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Hiring Girlfriend Was Legal, and He'd Do So Again, D.C. Council's Barry Says

D.C. Council member Marion Barry (D-Ward 8), pictured with spokeswoman Natalie Williams, gave Donna Watts-Brighthaupt a $5,000-a-month city contract two months after they began dating.
D.C. Council member Marion Barry (D-Ward 8), pictured with spokeswoman Natalie Williams, gave Donna Watts-Brighthaupt a $5,000-a-month city contract two months after they began dating. (By Bill O'leary -- The Washington Post)
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By Tim Craig
Washington Post Staff Writer
Wednesday, July 15, 2009

D.C. Council member Marion Barry said yesterday that there is nothing wrong with city lawmakers hiring girlfriends or boyfriends and added that he would do it again.

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In his most extensive public comments since a controversy erupted last week around his relationship with Donna Watts-Brighthaupt, Barry said in an interview that the people criticizing him don't understand how things work in the District.

"You all think it is inappropriate to hire a girlfriend. I don't think it is. In fact, there is no law against it," Barry told The Washington Post. When asked whether he would hire another woman he becomes romantically involved with, Barry said, "Unless the law changes, why not?

"Some people either don't know the law or have their own conservative views," Barry said. "As long as it is not illegal, citizens ought to allow people to do what they want."

Barry's remarks are in response to allegations that he might have misused public funds by giving Watts-Brighthaupt a $5,000-a-month city contract two months after they began dating.

Yesterday, the D.C. Council formally approved a resolution giving Robert S. Bennett, a Washington lawyer best known for defending former president Bill Clinton against sexual harassment charges, subpoena authority to investigate Barry's actions. Bennett will also help the council create an ethics policy.

City officials say council members are not prohibited from putting family members or people with whom they have personal relationships on the payroll if they are qualified for a job.

In preparation for Bennett's probe, Barry released a 30-page document that he says proves Watts-Brighthaupt did enough work to justify her salary. According to council records, Watts-Brighthaupt was paid $15,000.

"She produced a quality work product worth more than $15,000, worth probably $30,000," Barry said. "She put the time in. . . . She certainly wasn't just sitting around talking to me. Some people talk like all we did was pillow talk."

The document suggests that Watts-Brighthaupt researched and formulated guidelines to implement the Emerging Leaders of Ward 8 program.

According to the terms of the initial contract proposal submitted by Barry in October 2008, Watts-Brighthaupt was supposed to focus on "poverty reduction" issues. But the former mayor said yesterday that he asked Watts-Brighthaupt to shift her energy to the leadership program.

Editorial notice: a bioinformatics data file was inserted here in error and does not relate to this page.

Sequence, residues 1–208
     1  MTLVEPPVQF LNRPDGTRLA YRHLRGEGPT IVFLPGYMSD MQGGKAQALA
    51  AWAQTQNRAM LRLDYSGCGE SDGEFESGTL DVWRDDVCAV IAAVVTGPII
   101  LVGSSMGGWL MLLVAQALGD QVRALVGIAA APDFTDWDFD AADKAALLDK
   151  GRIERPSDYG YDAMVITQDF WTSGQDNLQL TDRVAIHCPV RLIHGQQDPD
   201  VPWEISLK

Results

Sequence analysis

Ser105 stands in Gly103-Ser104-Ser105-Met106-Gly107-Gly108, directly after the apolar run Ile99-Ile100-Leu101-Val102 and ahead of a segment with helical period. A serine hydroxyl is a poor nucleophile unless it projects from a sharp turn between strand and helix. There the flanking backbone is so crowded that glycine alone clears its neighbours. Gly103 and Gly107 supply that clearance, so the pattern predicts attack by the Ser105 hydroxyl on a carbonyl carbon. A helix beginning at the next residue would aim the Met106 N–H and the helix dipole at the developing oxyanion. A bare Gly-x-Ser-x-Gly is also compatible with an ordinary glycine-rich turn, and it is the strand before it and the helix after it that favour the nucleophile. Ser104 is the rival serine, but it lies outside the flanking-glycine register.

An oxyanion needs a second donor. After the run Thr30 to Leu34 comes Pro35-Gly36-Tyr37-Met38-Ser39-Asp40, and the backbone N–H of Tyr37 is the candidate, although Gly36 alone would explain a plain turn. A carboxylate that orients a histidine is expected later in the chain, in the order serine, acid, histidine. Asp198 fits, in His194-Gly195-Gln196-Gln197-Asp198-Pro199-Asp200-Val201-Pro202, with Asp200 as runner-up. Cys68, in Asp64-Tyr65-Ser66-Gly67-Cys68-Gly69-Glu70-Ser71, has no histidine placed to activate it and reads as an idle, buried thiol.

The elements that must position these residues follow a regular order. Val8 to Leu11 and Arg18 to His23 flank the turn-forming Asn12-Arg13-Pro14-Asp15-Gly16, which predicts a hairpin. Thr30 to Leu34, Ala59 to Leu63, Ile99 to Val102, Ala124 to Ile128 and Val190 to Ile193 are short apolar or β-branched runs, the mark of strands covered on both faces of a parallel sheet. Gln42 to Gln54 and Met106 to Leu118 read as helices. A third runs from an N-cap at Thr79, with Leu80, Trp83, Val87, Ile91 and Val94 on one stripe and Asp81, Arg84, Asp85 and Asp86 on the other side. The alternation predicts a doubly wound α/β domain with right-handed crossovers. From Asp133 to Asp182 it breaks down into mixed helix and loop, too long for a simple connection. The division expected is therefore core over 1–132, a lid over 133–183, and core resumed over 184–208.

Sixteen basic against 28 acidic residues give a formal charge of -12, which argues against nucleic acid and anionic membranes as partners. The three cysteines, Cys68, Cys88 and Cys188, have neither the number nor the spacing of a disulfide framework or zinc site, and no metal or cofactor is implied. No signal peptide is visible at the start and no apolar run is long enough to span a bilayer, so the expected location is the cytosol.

"One of my regrets is I never put together a second- or third-tier group of young leaders in the city," Barry said.

Barry said Watts-Brighthaupt, who has a political science degree, worked under the supervision of Brenda Richardson, a longtime Barry aide. Watts-Brighthaupt completed the proposal in May.

But he was unable to explain why the phrase "First Submission 7/9/2009" appears on the document.

Barry also sought to refute a Washington City Paper article that alleges he directed nearly $1 million in tax dollars to social service organizations that appear to be run by members of his staff.

Barry said the entire council had to approve those grants in early 2008. The City Paper reported that in at least two cases the signatures on the incorporation papers appeared to be fraudulent.

Barry declined to comment on the forgery allegations but said Richardson was helping the organizations get accredited. Last year, D.C. Council Chairman Vincent C. Gray (D) pushed the council to implement new requirements that organizations have nonprofit status to receive city dollars.

Several council members scrambled at the time to help organizations obtain the status.

Barry said the council has put in "a lot of safeguards" to ensure that nonprofit groups follow rules. Barry said he and Richardson consulted with groups' leaders about how the money was being spent because he was interested in "accountability."

Nevertheless, council member David A. Catania (I-At large) wants the Office of the Inspector General to investigate Barry's earmarks.

Barry said Catania "has a vendetta" because Barry was the lone dissenter on a bill that would require the District to recognize gay marriages performed elsewhere. Catania, who is openly gay and was a key supporter of the bill, dismissed Barry's criticism.

Barry vows he will not be chased out of office by the controversy.

"It takes a lot more than this to break my spirit," Barry said. "I have been in wars worse than this."


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